With reference to FIGS. 1 through 9, band mill cutting unit 10 includes a movable carriage or framework 26 that rides upon the lower frame members or guide rails 16 in a linear, back and forth or reciprocable motion and can be actuated for movement thereon by any of a variety of mechanical, electromechanical, hydraulic, and pneumatic means conventional and well known in the field. Carriage 26 includes at least two spaced-apart lower carriage members 28 that travel or ride on or against guide rails 16 and essentially maintain the alignment of carriage 26 on guide rails 16. A series of bearings 30 journaled and mounted in bearing frames or supports 32 are used to facilitate the reciprocable motion of carriage 26 on guide rails 16. Attached to and extending upwardly from each lower carriage member 28 are a plurality of stanchion members 34 that can be tubing, bars or rods adjoined to each other in some known manner such as by welding. Stanchion members 34 form the side supports for carriage 26. Interconnecting stanchion members 34 are a plurality of cross frame members 36. Cross frame members 36 extend transverse to lower frame members 16 and are located so as to pass above log 12 during the reciprocable movement of carriage 26 along guide rails 16. In addition, several upper cross frame members 38 extend across carriage 28 adjacent the uppermost ends of the opposed stanchion members 34 in order to further interconnect stanchion members 34, provide stability for carriage 26, and serve as platforms for structural elements hereinafter further described.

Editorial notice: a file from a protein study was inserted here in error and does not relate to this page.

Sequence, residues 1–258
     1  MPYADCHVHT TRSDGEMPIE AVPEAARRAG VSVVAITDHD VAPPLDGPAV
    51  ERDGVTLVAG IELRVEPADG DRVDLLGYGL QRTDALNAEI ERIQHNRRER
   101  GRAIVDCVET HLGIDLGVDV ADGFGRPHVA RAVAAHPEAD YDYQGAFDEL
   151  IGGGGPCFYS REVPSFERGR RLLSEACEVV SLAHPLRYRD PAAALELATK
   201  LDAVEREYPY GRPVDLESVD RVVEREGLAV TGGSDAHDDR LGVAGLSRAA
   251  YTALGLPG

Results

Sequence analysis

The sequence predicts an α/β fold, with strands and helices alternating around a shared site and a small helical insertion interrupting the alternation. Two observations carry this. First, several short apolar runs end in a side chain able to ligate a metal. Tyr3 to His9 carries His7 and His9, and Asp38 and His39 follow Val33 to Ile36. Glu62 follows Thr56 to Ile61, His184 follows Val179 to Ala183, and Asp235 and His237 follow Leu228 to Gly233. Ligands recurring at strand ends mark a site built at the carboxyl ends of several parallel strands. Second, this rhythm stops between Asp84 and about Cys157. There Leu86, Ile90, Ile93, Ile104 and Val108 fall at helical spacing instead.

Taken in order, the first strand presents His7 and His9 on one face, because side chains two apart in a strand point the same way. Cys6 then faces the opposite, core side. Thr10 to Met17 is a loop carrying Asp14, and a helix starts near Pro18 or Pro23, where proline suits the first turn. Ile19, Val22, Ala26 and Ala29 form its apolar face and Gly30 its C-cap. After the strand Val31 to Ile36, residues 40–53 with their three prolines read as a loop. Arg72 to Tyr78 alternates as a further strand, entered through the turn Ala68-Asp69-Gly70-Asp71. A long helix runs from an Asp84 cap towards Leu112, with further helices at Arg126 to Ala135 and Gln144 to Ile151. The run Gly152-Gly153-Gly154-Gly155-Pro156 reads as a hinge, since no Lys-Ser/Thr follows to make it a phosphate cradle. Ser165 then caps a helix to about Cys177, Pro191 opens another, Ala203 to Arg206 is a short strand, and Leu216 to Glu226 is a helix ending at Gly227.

Illustrated in FIGS. 1 through 9 is a pair of band saws 40 for cutting logs 12 by continuous back and forth passes across log 12. Each band saw 40 is mounted to stanchion members 34 by band saw frame 42, and each band saw frame 42 includes tubular portions 44 that ride upon selected stanchion members 34 in order to facilitate the raising and lowering of band saws 40. Each band saw 40 has teeth on only one side of the blade; and band saws 40 can be mounted on band saw wheels 46 so that the teeth of band saws 40 can face inward toward each other or outward away from each other. The preferred manner of mounting band saws 40 is to have the teeth of each band saw 40 face inward toward each other. As will be more fully described hereinafter, band saws 40 are capable of being raised and lowered simultaneously as a unit concomitant with the simultaneous raising and lowering of each band saw frame 42. Each band saw 40 is also capable of selective incremental adjustment to obtain the desired depth or level cut lengthwise through log 12.